Formed in late 2004, Codon Devices is still a relative newcomer to the field. But that hasn’t stopped it from shooting to be a leader in the gene synthesis industry — and with a recent deal with ag biotech Agrivida under its belt, the startup is certainly taking steps toward that goal.
With co-founders including George Church, Drew Endy, Jay Keasling, and Joseph Jacobson, it’s no wonder Codon already has a bevy of customers and has also played a critical role in trying to shape the education and regulatory environment surrounding gene synthesis.
The technology underpinning the company enables it to produce “custom genetic constructs very quickly and very cheaply,” says CEO John Danner. That allows researchers to “simply specify a DNA sequence or amino acid sequence and just order that,” he adds. “No longer are researchers handcuffed to a natural template” like those required for recombinant DNA technology or cloning.
Already, Danner says, adoption has been “quite rapid.” And the deal with Agrivida marks a significant expansion of Codon from simply a synthetic construct provider to a research partner. Agrivida, which had already been a customer of Codon’s, works in the biofuels space and was looking for enzymes to boost the ethanol-production capacity of corn. Danner says the alliance came about when “we realized that we could perhaps help them with the design and with the selection of an optimally performing construct.”
It was a natural step for Codon, which already has an engineering process developed to “feed what we’ve learned from [construct] selection back into the construct design” to optimize for factors such as binding efficiency, Danner says. Codon is also working on deals similar to this biofuel partnership that would give the company a role in agricultural and therapeutic applications as well. “We really view this as the beginning of more deals that you’ll see like this as we continue to build our company out,” Danner adds.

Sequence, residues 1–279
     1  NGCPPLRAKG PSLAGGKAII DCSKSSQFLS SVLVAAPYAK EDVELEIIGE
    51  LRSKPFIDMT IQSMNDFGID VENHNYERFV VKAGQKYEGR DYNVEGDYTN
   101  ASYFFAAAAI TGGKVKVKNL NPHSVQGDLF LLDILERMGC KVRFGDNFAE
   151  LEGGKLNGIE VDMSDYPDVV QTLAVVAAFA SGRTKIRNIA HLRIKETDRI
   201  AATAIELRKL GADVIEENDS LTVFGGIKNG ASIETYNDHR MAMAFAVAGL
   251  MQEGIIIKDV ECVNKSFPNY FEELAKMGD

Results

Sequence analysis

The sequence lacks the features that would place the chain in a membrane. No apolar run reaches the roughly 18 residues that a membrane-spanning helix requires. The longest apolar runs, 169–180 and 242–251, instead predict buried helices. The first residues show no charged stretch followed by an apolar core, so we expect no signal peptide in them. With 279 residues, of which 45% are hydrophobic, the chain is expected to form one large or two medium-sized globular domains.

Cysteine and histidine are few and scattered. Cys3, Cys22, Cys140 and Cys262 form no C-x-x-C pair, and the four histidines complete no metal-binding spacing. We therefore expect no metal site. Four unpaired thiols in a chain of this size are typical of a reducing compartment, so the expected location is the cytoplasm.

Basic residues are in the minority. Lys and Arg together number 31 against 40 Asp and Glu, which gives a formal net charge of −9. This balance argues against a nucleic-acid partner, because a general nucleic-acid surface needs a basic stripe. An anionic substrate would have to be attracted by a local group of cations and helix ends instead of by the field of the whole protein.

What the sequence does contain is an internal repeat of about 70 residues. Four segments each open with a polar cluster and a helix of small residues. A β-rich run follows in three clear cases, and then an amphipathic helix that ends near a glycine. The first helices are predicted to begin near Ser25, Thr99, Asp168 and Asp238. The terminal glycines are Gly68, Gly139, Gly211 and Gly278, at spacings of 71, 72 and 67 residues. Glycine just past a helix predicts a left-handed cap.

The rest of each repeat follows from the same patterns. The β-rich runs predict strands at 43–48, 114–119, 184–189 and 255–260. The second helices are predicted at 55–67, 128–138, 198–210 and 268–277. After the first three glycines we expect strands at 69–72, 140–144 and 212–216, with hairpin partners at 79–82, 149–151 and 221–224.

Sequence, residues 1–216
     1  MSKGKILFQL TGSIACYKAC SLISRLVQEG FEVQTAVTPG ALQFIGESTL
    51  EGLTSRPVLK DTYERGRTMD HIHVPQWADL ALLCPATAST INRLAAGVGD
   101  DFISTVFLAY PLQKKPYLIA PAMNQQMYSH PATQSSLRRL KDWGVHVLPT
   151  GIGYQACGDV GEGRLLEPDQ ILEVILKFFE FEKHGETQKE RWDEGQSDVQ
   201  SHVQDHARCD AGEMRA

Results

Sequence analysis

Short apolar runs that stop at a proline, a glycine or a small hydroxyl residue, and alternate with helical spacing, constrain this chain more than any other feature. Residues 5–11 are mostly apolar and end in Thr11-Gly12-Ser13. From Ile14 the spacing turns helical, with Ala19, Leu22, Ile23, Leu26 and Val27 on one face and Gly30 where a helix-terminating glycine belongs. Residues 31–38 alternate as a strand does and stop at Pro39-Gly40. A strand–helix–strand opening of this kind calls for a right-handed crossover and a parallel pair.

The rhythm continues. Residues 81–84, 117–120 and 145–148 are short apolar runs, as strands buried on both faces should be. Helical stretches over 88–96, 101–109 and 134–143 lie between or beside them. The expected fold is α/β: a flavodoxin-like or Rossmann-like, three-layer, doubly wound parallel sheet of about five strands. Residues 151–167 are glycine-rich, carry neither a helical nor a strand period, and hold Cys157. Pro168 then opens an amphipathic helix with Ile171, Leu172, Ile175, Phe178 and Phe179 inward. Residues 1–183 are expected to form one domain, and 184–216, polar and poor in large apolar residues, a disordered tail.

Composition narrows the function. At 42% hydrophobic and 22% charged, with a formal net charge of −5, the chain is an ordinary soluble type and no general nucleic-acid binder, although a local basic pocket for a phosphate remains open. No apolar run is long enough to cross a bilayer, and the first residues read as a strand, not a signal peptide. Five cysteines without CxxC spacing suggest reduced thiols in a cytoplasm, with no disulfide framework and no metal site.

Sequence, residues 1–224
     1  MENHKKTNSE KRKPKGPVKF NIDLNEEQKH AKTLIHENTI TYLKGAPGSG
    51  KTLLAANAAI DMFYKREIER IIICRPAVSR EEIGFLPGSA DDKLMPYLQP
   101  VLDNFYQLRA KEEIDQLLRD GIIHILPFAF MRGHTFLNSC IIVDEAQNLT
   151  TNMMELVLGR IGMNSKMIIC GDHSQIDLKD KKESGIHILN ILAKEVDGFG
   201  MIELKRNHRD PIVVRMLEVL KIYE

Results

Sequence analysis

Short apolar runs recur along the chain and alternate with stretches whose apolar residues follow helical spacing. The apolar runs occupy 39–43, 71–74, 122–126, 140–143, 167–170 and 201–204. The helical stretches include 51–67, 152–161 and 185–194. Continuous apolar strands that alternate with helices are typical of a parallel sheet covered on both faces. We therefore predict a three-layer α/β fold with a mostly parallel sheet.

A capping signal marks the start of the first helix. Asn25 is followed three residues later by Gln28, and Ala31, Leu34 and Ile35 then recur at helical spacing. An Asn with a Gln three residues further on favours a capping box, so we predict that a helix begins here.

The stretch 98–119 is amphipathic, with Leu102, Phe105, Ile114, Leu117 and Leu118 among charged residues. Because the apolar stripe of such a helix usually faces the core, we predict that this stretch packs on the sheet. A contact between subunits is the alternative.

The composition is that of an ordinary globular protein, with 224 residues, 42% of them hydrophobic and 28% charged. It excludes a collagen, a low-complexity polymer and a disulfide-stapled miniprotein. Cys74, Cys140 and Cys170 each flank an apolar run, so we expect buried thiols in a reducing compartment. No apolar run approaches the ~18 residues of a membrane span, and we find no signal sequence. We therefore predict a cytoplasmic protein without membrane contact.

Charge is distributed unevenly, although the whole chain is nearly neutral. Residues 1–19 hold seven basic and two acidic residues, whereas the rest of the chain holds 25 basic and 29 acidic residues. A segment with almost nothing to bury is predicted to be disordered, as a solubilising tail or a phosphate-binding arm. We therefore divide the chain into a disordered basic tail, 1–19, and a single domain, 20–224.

Beyond that, the minds behind Codon Devices are also focused on helping shape the synthetic biology field as a whole. “We have really taken any concerns about this new space very, very seriously,” Danner says. “We reached out to other leading gene synthesis companies and formed … the International Consortium for Polynucleotide Synthesis,” a group that aims to provide education about synthetic biology and work with government agencies to develop appropriate regulations and safe practices for the field. Codon wants to be “extremely responsible in making sure that this technology is properly embraced by broader society,” Danner says.